In conclusion, i think Scott Mccloud has many importanty views on chapter three and how his argruments view in his answer towards the end of the chapter. I quote on the importance of his views between east and west comics, "Traditional western art and literature dont wander much on the whole. We're a pretty Goal Oriented culture." Scott Mccloud Views on the east, " But, in the East. There's a rich traditions of cyclical and labyrinthine works of art." In the end I as reader agree on the author on the different authors view on catogories but I strongly disagree with him on the difference between East and West comics. I argument against Scott mccloud reasons on the subject of east versus west comics are different is the chronicals comics anthologies and description of catogories. The best example where there similar is the "The Dark Knight Series" which is an anthologies on Batman and how he came to be this iconic heroe.
When reading this chapter I started paying attention to what really closure meant. I re-read a few panels of the comic and my mind wandered. Closure is important when it comes to writing a comic just because it allows the reader to use their imagination and in some sort of way become the author of the unwritten parts of the comic. This chapter made me understands the comic world more clearly. It is not just a bunch of pictures with a few words, there is more in between the lines or in this case in between the panels.
Chapter four of McClouds book Understanding Comics: The Invisible Art, he talks about the aspect of time in Comics. He uses the metaphor of a rope representing time. One inch on the rope represents one second in time. If you were to line the rope up with the text, and different panels of a comic, you could see that time passes through each one. Even one silent panel has some time taken up in it. In the example that he used, one large panel with different things happening in one panel, is basically several panels, combined into one. When we read, we read it from left to right just like a regular comic, and we assume that time is taken up. But, not all panels are like this, because panels can also be held in a single moment, and it does not have to hold any sound. The panels that hold the icons in comics, act as a divider to show that time or space is being divided.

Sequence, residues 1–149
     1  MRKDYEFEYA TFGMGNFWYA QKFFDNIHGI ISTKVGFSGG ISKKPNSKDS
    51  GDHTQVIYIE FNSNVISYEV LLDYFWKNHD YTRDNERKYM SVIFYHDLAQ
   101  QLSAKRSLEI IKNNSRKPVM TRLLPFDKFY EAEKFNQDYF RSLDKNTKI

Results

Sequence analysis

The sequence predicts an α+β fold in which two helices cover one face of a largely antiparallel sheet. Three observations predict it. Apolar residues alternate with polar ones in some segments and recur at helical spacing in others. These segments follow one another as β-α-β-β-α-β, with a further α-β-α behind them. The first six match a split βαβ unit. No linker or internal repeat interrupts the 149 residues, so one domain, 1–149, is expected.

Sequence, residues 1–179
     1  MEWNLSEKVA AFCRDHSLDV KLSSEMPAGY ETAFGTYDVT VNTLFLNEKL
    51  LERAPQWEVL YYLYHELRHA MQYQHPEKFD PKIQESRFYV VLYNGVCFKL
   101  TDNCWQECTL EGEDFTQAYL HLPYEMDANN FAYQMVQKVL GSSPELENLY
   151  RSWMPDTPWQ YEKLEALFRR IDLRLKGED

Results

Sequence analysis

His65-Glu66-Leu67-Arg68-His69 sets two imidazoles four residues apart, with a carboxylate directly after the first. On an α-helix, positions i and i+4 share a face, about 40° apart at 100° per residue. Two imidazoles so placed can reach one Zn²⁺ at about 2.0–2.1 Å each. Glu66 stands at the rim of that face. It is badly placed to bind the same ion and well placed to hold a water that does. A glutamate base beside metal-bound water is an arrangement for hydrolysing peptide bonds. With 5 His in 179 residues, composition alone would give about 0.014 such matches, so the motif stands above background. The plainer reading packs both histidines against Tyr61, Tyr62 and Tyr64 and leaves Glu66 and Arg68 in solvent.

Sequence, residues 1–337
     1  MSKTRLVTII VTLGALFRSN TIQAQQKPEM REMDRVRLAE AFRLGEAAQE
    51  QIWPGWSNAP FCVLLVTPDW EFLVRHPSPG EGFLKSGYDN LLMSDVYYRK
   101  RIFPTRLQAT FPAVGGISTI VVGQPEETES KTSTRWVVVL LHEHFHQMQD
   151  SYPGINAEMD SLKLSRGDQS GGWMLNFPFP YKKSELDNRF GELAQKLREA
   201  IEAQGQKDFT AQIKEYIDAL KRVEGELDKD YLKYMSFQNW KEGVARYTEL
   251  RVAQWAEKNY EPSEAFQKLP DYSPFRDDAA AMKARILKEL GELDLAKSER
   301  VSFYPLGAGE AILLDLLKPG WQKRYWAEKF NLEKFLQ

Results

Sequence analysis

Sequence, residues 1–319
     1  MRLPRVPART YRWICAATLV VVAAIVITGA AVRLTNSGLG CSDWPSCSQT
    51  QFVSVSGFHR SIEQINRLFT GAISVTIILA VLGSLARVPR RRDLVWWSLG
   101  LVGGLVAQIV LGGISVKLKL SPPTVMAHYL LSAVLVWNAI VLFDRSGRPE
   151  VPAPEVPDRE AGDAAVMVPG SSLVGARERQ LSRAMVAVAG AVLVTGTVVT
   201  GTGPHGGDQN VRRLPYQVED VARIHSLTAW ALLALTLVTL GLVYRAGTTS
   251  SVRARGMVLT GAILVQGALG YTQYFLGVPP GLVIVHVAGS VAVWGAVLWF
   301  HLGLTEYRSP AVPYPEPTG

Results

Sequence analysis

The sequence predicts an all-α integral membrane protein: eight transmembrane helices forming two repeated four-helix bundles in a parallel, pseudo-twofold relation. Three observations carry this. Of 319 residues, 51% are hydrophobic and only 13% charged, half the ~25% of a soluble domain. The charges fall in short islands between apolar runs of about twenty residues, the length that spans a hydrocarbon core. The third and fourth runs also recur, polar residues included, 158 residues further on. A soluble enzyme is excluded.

McCloud continues on by talking about the difference between times depicted in comics and time perceived. A lot of times, we just assume what is going on in certain panels because of what we have done in our own lives. For example, McCloud uses a conversation between two men on page 100. During the three panel conversation, the second panel is a picture of one of the men silently sitting there, or in other words, pausing for several seconds. We assume that the pause is only a few seconds, because of how it is depicted. McCloud points out that there are several ways to shorten or lengthen the pause in the conversation. One way to lengthen it is to widen the space between the panels. Another is to make the panel with the pause, bigger so that it “feels” like a longer period of time. There are several other ways to show time in comics. For example, running a picture off the edge of the page lets the picture escape from the traditional panel and go off into space, making it seem like the picture is timeless, and is always going to be there.
The motion of comics really came about in the 1800’s. Thomas Edison came up with the first motion picture. The idea that motion could be portrayed in a single image, was first addressed by the futurists in Italy, and by Marcel Duchamp in France. He simplified movement in images. People soon lost interest in this idea and the motion line formed somewhere in that time span. The motion line started out a little confusing, but has evolved into a great representation to what the actual physical motion looks like.
I think this whole chapter is really interesting, because everything McCloud addresses, I honestly never thought about. The whole time I read comics through out my life, I just sort of knew these concepts without actually knowing that I knew them, if that makes any sense. For example, seeing that there is a pause in a comic, can easily be picked up through several different ways. Like a bigger space between two panels, or a panel with a character not saying anything during a conversation. I knew that these were pauses, but I never really though about how I knew it was.